Sandy: We’re never perfect, but any degree of perfection is due to her.


Laura: That’s awesome. I want to go back into researching about comic books, what comic books were you reading and researching?

Sandy: We’d always read comics and had them in the household. Our kids had always had Silver Surfer and Venom and all of those. I had from the beginnings of Image, in the creator-owned stuff. Steve Niles had always created, Criminal Macabre and other interesting stuff. But most of all what I was interested in, wasn’t other people’s stories cause I thought we could bring different stuff. I wanted to know the nuts and bolts: how do you create suspense in 22 pages? How do you get the readers to turn the pages? How do you scare someone two-dimensionally? Where’s my cliffhangers and page turners? What’s the dynamic in this writing that I don’t know.


Laura: Because it is different than something in film, in a TV show or animated.


Sandy: It’s totally different, but what’s great is that it’s a fantastic discipline that hones your skills into going back into the screenwriting because you have to get so concise and clean because there’s nothing else to cover it up. It’s literally 50 percent words and 50 percent image. Those words have to be appealing page after page. I have to get you to turn that page and then I have to get that at the end to be a cliffhanger at the end to be compelling enough to get you to buy another book.


Laura: It’s a two-fold thing because as a reader you are spending more, intimate time with the thing, and read at your own pace. But it’s also all for the story too, it’s not how do I fill the 22 pages, it’s getting the pages to tell the story.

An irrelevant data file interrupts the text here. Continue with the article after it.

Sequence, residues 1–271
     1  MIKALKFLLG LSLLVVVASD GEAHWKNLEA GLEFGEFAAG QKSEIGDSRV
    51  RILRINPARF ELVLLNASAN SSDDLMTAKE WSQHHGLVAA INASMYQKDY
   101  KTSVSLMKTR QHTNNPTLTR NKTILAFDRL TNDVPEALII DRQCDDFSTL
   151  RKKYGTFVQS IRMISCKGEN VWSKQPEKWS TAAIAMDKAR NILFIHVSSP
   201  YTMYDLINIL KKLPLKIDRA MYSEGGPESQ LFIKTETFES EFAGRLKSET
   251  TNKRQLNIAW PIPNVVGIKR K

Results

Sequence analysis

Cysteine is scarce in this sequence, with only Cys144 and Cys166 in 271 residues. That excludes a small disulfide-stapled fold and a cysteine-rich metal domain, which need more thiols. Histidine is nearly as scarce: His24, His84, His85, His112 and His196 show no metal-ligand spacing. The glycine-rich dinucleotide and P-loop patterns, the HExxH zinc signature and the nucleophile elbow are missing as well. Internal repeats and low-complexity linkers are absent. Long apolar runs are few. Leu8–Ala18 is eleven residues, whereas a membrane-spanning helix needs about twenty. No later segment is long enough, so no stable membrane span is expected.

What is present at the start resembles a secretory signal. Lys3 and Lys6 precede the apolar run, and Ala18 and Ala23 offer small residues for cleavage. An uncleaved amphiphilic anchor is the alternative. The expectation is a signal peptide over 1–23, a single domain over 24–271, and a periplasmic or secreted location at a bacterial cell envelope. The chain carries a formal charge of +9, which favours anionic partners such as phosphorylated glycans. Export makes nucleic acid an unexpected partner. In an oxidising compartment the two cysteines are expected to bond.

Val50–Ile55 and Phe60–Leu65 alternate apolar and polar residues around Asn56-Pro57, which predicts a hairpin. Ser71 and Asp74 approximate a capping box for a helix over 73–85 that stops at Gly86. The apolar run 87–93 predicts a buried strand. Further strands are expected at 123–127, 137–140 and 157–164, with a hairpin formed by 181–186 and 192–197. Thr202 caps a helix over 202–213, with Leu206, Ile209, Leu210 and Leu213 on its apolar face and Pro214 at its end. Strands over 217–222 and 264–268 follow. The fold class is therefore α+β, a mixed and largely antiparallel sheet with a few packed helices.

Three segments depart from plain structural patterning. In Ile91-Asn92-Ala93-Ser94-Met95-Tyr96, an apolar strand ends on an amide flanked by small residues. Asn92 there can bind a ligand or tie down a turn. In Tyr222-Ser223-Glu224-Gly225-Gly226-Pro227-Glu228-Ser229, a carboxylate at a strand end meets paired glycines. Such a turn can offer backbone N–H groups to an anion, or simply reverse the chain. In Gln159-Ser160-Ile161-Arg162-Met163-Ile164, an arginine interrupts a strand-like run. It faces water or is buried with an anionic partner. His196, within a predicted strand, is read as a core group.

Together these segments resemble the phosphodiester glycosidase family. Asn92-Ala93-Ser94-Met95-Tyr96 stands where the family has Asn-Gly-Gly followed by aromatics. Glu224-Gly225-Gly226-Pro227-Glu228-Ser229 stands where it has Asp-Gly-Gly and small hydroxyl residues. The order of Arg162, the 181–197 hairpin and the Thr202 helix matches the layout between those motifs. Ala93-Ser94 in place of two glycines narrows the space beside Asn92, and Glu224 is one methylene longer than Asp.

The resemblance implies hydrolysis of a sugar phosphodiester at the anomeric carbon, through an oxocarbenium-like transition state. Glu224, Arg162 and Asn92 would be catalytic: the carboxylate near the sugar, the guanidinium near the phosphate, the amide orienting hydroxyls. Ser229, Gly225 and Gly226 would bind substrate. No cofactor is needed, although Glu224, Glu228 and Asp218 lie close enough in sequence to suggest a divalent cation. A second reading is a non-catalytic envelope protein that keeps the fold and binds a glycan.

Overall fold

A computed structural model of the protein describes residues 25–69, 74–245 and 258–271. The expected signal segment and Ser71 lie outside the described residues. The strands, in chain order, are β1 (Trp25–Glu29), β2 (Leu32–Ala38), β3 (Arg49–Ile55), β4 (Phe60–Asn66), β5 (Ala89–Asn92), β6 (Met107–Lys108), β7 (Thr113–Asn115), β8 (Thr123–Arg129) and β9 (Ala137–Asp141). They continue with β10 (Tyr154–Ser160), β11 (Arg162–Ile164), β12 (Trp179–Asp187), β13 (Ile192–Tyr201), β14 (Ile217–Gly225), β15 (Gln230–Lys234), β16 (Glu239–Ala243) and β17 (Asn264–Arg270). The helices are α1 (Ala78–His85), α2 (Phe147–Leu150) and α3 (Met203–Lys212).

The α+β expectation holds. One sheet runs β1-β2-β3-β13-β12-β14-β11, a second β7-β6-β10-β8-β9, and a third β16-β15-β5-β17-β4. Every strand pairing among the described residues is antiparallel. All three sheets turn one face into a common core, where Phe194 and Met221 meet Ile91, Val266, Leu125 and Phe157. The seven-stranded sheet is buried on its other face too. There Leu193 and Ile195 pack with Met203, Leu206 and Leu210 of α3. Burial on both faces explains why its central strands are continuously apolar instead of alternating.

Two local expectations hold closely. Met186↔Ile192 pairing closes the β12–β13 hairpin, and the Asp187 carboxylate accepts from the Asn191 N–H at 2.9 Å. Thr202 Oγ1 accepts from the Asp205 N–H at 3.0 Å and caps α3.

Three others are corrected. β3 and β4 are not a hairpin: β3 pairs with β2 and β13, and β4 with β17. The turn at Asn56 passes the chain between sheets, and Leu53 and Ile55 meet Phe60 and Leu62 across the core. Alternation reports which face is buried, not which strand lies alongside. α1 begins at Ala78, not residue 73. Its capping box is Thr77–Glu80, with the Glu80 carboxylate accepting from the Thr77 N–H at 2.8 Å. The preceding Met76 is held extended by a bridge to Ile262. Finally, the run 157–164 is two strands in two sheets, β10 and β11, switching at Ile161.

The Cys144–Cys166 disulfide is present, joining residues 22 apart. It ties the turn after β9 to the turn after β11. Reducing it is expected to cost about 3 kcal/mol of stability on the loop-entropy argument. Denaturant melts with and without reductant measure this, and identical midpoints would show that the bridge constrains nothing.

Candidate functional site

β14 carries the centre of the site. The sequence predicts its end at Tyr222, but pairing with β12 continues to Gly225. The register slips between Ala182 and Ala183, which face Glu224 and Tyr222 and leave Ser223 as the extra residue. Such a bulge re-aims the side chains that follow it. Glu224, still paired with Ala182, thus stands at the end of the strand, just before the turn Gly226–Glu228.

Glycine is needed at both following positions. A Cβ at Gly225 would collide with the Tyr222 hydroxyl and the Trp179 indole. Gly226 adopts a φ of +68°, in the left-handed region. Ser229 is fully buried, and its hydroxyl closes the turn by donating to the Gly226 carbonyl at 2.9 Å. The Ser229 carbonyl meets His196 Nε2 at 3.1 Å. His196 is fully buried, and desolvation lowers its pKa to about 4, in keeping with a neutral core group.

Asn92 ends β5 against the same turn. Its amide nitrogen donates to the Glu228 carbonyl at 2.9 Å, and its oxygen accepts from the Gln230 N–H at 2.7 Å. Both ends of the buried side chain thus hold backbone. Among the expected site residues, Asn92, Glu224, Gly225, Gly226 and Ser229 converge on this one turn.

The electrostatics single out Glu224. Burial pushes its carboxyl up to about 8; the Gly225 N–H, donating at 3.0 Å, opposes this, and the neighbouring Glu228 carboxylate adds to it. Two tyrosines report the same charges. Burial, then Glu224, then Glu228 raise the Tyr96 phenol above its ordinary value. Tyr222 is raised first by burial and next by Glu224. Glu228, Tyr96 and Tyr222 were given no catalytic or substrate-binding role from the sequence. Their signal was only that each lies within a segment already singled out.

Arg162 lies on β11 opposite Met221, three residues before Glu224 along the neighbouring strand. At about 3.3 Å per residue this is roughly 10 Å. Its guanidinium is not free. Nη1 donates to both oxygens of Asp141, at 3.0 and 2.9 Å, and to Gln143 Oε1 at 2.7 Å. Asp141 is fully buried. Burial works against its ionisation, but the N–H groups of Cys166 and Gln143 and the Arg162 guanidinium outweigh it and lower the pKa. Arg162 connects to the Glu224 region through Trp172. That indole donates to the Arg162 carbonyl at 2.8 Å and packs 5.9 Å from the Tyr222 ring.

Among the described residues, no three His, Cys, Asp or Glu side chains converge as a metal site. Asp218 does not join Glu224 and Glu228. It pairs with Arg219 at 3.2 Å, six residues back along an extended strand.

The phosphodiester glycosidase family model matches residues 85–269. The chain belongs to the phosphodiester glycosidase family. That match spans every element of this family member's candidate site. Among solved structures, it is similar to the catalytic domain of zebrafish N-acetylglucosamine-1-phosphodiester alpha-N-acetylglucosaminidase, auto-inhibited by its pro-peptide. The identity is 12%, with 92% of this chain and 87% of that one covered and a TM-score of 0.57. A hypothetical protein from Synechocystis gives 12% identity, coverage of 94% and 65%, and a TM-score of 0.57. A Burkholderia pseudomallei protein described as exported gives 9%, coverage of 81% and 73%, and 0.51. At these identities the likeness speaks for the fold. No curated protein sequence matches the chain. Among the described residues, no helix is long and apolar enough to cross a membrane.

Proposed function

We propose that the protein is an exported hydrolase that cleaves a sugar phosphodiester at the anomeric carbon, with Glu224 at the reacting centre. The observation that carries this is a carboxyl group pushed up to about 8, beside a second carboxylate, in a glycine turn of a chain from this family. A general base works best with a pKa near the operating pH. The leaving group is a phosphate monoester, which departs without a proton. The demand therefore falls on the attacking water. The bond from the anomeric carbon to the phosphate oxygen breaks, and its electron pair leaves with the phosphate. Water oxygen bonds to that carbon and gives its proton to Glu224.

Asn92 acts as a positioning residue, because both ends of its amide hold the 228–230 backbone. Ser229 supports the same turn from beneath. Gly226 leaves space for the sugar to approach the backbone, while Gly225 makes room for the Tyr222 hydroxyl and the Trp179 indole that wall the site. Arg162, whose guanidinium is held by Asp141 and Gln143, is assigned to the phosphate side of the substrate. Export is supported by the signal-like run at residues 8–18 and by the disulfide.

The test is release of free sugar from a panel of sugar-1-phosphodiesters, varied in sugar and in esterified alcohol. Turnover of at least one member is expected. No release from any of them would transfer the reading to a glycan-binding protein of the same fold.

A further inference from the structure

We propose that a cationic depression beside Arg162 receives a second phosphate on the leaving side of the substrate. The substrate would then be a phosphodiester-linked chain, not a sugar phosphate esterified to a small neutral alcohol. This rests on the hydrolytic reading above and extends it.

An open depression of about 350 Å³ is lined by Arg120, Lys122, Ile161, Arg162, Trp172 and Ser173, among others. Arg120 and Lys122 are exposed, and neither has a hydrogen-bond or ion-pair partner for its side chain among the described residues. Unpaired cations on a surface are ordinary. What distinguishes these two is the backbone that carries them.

Sandy: Right, and I don’t have music to push the story forward or guide you. I don’t have a chair scrape to give you a chill. So, it’s really fun because I will write the issue and I will be ‘aha, I got this’ and I’ll wake up the next morning and read through it and go ‘it sucks, it does nothing!’ I have to go back through, rip it up, and feel why did this bomb, why is it so bad.


Laura: For every good thing you put in the world there’s a trash can filled with bad ideas.


Sandy: At the core of it, I got to take you somewhere. If I didn’t take you somewhere in those 22 pages, I haven’t done my job. That’s the end of it and the front of it.


Laura: So you have the Tales for a HalloweeNight Vol. 4 coming out in October, what is new about that anthology and what else is coming out that you’re excited about.


Sandy: We’ve got it all piled up. We’ve got a reprint of HalloweeNight Vol. 1 because that’s been sold out all year and it took this long because of a mistake in the files. HalloweeNight 4 has got some really cool stuff in it. David Schow has a really amazing prose piece that goes well.


Laura: That’s really cool, prose isn’t something you really see in a comic book.


Sandy: It’s a really good shake-up. And what’s the world going to do? Come to an end? I think it’s going to be really cool the way it’s done. Every once in awhile I think of certain pieces that can benefit from being done a different way. I’ll bring in a different kind of artist or a different kind of writer, and find the perfect person. It’s a pretty epic person that can bring something different to the story. And I think how cool it can be when I gave it to Schow and said I think this could have an edge to it and he wrote something awesome. Also, instead of the Groundskeeper we’re doing a change up of the shape-changer Baphomet as a black cat. So Baphomet is cruising the towns and cities watching the going-on’s. She shapeshifts. Vortex’s trade came out so beautiful and hopefully it will print well. Mike Sizemore, the writer of that, will be with us at New York Comic Con. Next year, we’re going to launch Storm Kids comics with Bob the Gargoyle line.